Recipe: Winter-Spiced Madeleines

Festive Madeleines

Madeleines have got to be one of my favourite things to bake (and no, of course I’m not biased!) They’re sweet, petite, take only a few ingredients, a fraction of the baking time of a larger cake, and bring so much happiness. The last batch I baked disappeared alongside a pot of tea in around ten minutes. These cakes might be simple, but they’re fiendishly moreish.

The scallop-shape of the madeleine apparently dates – according to baking mythology at least – from the 18th century. One story relates how Madeleine Paulmier, a cook for Stanislaus I, duke of Lorraine and exiled King of Poland, was forced to improvise a dessert, and on the spur of the moment baked the little cakes in scallop shells. Of course, the scallop shell is also inextricably linked to the pilgrimage to Santiago de Compostela, another place where these cakes may have originated…

Whatever the history, madeleines continue to charm whoever eats them. They’re especially magnificent when dipped in tea – a la Proust – or in my case, coffee.

With this recipe, I’ve tried to bring together the simple elegance of a classic French madeleine, with the spices and flavours that, for me, signify winter and the festive season. I’ve replaced classic lemon zest with orange, and added saffron, nutmeg, cinnamon and a dash of clove to call to mind those intoxicating scents and flavours that make you feel as if you’re being wrapped in homely, kitchen warmth having come in from the cold.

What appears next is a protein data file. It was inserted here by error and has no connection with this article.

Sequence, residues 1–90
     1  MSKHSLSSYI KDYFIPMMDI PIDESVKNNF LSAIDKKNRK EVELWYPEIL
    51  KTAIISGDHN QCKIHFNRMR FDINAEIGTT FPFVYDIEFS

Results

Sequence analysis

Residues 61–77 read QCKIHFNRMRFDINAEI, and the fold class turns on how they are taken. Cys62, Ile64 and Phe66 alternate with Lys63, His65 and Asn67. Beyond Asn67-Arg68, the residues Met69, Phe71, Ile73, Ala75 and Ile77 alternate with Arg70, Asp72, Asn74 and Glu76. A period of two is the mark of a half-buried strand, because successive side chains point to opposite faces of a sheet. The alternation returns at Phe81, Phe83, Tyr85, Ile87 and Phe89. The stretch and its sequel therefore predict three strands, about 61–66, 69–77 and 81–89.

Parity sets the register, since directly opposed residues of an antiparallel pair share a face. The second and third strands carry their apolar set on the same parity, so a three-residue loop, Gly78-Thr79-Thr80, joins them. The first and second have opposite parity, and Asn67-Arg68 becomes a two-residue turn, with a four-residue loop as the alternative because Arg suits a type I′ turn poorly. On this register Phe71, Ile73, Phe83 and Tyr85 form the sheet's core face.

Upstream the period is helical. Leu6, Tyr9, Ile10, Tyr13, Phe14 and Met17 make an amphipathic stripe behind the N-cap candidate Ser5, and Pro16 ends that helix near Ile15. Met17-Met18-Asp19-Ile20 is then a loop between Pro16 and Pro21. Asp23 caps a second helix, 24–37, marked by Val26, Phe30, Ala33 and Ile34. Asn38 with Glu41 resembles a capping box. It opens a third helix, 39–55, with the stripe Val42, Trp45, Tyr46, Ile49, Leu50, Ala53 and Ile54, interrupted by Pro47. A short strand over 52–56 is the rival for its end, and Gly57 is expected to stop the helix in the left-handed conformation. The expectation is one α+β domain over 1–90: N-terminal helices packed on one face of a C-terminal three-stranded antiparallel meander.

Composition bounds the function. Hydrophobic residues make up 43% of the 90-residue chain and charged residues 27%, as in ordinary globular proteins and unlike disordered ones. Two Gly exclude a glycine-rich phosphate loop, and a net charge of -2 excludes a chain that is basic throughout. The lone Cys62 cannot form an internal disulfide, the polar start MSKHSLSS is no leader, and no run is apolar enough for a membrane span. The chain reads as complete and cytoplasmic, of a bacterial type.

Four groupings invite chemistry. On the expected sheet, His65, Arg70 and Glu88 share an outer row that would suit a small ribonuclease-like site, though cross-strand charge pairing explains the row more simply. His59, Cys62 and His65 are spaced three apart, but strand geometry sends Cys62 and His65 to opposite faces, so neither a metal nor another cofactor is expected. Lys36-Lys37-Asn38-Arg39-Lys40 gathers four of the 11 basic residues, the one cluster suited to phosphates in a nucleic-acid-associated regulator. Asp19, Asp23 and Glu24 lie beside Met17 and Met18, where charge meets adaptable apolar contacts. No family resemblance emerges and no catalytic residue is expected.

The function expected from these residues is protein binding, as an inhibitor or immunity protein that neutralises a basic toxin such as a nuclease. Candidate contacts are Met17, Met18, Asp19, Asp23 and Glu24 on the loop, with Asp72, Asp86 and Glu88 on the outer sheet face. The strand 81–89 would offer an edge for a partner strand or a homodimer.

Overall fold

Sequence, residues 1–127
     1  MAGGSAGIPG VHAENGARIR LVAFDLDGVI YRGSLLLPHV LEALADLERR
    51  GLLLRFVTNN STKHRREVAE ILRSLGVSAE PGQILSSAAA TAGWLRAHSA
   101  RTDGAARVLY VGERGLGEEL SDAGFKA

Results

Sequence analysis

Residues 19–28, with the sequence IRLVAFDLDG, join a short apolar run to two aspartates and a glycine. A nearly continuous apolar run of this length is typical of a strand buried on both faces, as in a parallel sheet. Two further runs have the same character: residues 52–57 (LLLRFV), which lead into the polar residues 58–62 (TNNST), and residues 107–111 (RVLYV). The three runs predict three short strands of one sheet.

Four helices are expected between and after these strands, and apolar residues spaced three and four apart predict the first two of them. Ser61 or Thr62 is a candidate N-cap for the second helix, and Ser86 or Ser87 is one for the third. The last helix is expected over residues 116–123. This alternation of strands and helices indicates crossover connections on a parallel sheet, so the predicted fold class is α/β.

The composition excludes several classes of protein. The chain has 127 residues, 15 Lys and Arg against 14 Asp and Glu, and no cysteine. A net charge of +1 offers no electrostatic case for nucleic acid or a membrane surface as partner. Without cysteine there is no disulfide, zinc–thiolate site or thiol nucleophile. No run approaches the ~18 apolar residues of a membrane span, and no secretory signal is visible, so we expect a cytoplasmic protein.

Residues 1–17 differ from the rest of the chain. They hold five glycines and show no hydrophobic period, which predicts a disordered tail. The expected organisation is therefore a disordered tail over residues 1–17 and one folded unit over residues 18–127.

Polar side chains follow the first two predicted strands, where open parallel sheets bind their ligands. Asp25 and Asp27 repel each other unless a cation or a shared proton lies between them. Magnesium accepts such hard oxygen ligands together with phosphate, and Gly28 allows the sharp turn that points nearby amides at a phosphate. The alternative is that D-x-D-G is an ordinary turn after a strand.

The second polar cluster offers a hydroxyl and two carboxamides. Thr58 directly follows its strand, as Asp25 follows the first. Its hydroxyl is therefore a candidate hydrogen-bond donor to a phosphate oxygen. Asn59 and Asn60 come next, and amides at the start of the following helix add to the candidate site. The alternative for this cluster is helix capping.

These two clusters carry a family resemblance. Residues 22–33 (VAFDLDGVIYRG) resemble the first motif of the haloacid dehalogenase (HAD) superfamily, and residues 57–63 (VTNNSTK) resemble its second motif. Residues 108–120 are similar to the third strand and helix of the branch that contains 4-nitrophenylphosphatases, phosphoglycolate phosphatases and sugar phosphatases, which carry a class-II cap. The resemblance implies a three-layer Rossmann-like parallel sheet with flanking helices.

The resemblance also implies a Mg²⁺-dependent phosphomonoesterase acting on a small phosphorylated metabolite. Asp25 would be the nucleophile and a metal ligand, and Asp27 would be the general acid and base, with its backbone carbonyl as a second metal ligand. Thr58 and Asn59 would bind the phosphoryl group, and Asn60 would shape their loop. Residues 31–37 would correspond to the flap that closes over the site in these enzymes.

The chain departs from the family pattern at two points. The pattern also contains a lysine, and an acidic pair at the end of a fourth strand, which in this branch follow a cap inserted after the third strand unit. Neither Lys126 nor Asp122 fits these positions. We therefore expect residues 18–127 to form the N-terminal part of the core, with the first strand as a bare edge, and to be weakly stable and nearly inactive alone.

DQ2LcfEWAAA7FoN

P.s. I infused my caster sugar with a cinnamon stick, a handful of cloves and a fresh nutmeg for a week or two before using it. It smells amazing, and is a useful thing to have around in the festive season!

 

 

 

 

 

 

Winter-Spiced Madeleines

Makes 12-14

Ingredients

  • small pinch of saffron strands
  • 1 tbsp milk
  • 4-5 whole cloves
  • 2 free-range eggs
  • 100g golden caster sugar
  • 100g butter, plus extra for greasing
  • zest of 1/2 orange
  • 100g self-raising flour (or 100g of plain flour and 3/4 tsp baking powder)
  • 1 tsp cinnamon
  • fresh nutmeg

For the spiced sugar:

  • 1 1/2 tbsp golden caster sugar
  • 1 tsp cinnamon
  • fresh nutmeg

Method

  1. Pre-heat your oven to 200C / 400F / Gas mark 6. Brush your madeleine tin with melted butter and dust with a little flour.
  2. Place the saffron strands into a bowl or pan with the milk and cloves and warm gently, either in the microwave for a few seconds, or over the hob. Set aside to cool and infuse.
  3. Whisk together the eggs and caster sugar until light and frothy.
  4. Melt the butter and leave to cool slightly, then stir in along with the orange zest.
  5. Remove the cloves from the milk. Add the milk and saffron to the cake mixture.
  6. Sift in the flour and cinnamon and a good grating of fresh nutmeg. Stir gently to combine.
  7. Leave to rest for a few minutes, then spoon into the prepared tins, so that they are 3/4 full.
  8. Bake for around 8-10 minutes, or until risen and pale golden. Place the tray on a wire rack to cool slightly.
  9. Meanwhile, grind the caster sugar in a pestle and mortar (or with a spice grinder) until it has a finer texture – somewhere between caster and icing sugar.
  10. Place it on a plate with the cinnamon and another good grating of nutmeg and stir together.
  11. Quickly, while the cakes are still warm, roll them around in the sugar.
  12. Serve fresh, with a cup of tea, coffee or even mulled wine…

 

La ragazza delle ciliegie

It’s always an apprehensive moment, seeing cover designs for the first time. Do the designers share the same ideas about the book as me? What visual cues have they taken? Which colours have they focused on? Something that always surprises people is how little an author is usually involved when it comes to design; I tend to send mood boards and visual references to the publisher, but really, it’s down to them and their design team to come up with something that will both represent the content and catch a reader’s attention on a shelf. Not an easy task.